THE BLOG

I Get to Be Granma

11/16/2011 11:07 am ET | Updated Jan 16, 2012
  • Nancy Alvarez Novelist; Screenwriter; Group Facilitator; Nonfiction Writer

When my daughter had her first son three years ago, I drove the four hours from my town to her city in record time. It's amazing I didn't get a ticket. When I walked into her hospital room, it was empty, without even a bed. I continued racing, this time to the nurses' station. My daughter had planned for a natural, home birth.

"We're so glad you're here," exclaimed a nurse I can't describe because I don't remember anything but the panic I was feeling. Apparently my daughter had been rushed to the O.R. to be prepped for a C-section, and my son-in-law had been in her bathroom ever since. "Would you please knock on the door, or just go into the bathroom and make sure he's OK?" The nurse was afraid he had fainted. He was sitting on the side of the tub, face in his hands.

I took those hands, held them both, assured him she would be fine: C-sections were quite commonplace; and reminded him that she was sure to need him in the O.R., especially since she would be awake but numbed, to protect the baby. I had never seen my son-in-law in such distress; he is a public defender, intelligent, calm, and witty. I am only grateful I was able to get through to him. As he moved out of her room and down the hallway I called after him, "You're having a baby. Isn't it great!" He smiled and quickened his pace.

Several hours later after they had done all the tests they do with newborn babies, I got to hold my grandson for the first time. I knew I would love him: he was my grandson; but I didn't expect the overpowering rush of love I experienced for that little being resting in my arms. I really loved Gus, immediately, unconditionally, and as much as I had each of my daughters when they were born. He was my daughter's child, but I was learning that he was also mine.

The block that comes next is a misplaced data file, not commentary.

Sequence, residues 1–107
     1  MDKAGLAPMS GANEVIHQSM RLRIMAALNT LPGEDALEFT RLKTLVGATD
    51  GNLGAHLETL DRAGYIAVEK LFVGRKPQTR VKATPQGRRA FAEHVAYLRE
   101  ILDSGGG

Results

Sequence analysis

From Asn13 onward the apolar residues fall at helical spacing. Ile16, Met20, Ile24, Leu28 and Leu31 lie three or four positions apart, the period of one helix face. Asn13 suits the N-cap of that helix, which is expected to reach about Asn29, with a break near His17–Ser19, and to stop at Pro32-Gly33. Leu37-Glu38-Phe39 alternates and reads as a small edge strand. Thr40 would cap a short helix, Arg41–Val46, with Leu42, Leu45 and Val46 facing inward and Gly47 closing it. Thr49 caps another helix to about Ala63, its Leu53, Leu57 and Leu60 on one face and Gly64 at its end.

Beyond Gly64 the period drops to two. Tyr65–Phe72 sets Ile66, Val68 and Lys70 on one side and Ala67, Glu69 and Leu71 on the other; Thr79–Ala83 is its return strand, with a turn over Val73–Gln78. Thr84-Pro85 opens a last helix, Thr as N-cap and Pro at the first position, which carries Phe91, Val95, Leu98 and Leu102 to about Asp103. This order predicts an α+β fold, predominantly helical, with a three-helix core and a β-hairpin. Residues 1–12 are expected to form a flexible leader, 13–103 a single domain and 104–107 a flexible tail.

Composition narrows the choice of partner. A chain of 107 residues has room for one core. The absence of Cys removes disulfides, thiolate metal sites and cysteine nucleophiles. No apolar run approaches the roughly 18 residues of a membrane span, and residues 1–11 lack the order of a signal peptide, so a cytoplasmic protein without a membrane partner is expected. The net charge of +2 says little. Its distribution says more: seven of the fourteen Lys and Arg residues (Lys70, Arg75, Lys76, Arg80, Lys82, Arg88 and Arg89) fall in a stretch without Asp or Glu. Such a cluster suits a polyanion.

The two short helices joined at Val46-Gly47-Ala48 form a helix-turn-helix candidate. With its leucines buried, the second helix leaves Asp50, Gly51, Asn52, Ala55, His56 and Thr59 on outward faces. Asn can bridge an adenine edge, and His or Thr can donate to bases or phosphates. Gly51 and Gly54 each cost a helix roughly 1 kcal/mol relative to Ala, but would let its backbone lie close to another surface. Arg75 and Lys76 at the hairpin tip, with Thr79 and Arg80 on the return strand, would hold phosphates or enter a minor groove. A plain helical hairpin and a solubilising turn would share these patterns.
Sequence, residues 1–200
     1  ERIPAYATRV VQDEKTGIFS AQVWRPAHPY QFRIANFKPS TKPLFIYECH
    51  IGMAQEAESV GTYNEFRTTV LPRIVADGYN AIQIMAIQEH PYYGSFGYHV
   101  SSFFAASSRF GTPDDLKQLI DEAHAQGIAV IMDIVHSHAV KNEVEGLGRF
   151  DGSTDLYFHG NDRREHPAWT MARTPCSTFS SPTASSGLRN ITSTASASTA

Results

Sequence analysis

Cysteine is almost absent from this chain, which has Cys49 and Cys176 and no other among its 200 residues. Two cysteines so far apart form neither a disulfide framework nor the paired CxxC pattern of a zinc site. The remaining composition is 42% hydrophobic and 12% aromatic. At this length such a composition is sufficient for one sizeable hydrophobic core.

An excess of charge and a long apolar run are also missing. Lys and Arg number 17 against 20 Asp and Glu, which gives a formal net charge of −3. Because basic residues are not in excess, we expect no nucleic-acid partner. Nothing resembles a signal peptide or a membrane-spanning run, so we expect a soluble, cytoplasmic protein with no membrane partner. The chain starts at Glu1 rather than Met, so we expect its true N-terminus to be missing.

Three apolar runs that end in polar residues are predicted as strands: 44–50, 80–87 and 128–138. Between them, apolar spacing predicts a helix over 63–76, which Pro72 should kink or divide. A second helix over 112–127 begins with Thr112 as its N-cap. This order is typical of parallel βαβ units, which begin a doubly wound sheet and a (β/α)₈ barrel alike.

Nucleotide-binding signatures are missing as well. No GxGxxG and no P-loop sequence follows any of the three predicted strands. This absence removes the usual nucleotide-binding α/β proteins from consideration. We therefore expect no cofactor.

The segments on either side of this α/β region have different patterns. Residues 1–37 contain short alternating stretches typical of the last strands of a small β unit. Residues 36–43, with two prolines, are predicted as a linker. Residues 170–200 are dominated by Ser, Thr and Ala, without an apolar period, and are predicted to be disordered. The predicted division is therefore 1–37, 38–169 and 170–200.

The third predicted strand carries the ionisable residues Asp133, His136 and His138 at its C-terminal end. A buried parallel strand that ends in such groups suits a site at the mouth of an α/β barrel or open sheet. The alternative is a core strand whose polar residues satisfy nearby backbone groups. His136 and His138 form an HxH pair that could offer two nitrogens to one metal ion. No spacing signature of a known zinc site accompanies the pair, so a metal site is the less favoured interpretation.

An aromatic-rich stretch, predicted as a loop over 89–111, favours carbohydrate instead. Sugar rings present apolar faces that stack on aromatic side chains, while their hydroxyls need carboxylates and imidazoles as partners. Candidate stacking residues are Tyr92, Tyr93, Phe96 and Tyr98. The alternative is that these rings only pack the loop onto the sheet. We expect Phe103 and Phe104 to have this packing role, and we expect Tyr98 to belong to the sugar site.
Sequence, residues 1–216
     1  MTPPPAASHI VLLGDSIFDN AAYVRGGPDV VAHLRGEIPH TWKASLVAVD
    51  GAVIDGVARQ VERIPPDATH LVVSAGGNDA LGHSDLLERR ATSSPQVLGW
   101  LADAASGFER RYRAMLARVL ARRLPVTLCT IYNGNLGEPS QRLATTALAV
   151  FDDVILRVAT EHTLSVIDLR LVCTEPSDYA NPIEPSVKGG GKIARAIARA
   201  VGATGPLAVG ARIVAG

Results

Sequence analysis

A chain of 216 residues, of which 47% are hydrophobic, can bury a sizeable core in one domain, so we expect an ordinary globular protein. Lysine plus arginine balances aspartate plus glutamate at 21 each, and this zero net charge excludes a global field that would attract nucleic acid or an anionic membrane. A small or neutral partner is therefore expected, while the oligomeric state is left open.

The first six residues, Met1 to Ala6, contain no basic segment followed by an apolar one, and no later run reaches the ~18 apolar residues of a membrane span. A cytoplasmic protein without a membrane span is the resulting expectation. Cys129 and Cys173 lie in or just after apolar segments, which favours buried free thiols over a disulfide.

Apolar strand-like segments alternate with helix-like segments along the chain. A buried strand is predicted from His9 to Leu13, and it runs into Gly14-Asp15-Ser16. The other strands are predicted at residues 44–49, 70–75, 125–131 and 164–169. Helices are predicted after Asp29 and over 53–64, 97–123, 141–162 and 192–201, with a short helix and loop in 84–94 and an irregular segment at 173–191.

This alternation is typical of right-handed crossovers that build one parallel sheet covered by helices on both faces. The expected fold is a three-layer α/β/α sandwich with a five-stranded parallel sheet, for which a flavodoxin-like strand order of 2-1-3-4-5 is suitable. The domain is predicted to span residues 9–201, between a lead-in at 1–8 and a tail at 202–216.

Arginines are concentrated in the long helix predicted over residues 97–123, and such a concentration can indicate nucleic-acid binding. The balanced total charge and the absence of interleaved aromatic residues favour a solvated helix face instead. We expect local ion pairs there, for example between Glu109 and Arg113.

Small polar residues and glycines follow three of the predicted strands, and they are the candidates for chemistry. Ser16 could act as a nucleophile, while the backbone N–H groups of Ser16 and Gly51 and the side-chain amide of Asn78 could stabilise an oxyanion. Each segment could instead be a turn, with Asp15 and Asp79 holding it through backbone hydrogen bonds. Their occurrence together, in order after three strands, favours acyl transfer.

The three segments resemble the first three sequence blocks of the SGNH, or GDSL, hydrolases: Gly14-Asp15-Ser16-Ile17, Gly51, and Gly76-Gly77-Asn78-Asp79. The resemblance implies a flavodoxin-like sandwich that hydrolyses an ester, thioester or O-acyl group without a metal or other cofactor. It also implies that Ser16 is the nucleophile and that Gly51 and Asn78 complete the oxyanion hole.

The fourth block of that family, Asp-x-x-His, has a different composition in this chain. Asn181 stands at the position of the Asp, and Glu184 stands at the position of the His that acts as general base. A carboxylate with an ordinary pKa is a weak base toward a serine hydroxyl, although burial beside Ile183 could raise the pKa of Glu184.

The experience was the same with her second son, born last year, but it didn't surprise me. They are both the most adorable, most intelligent, most loveable boys a grandma could have. I remember laughing when my ex-husband's mother said that her first granddaughter was brilliant because she could get her fingers into her mouth. She looked spastic to me. Besides, several of the other babies, when released from their blankets, did the same thing. Now I understood why she said what she did, and why she was so thrilled. There is nothing like it, holding a grandchild for the first time.

I didn't believe it could improve, but every month it has. He could see me, he could actually reach out to touch me, he recognized me, he smiled when he saw me, and eventually, raced outside to yell 'Granma' when my car would pull to a stop. When I would lift him up into the swing at the park, sticking his little legs into the holes so he would be sitting securely, and he looked up at me with total trust, my heart sang.

His smile as I pushed him faster and faster was joyous, as was my own. The day we walked to the park with his mom, one of her high school friends and her little girl, and the friend was shocked at how high and fast I pushed him, I felt proud that I had conquered my own fear so that he would have none. The friend pushed her little one almost as high, and the child laughed out loud, glancing at Gus, who was sitting in the very next swing, with total delight. We adults were both grinning like crazy.

I have thought of moving from my little country town to the city where my grandsons live, but I have made a life for myself here and still want to live it. Being Granma doesn't mean I have to give up me. I visit at least once a month for some days, run alongside Gus as he rides on his two-wheeler without training wheels, and crawl around beside Zeke, who laughs at me.

Even at 10 months his Granma seems like a funny, silly being to him. I can't wait until he recognizes me -- when the visits are once a month, he forgets. In a few months Gus will want to play basketball, even though he's vertically challenged and we'll laugh at how funny we both look, trying to make a basket from many feet beneath the hoop. Zeke will run circles around us. When I am sad about anything, a visit with those little boys takes it away within moments. If I have to be over 50, at least I also get to be Granma.

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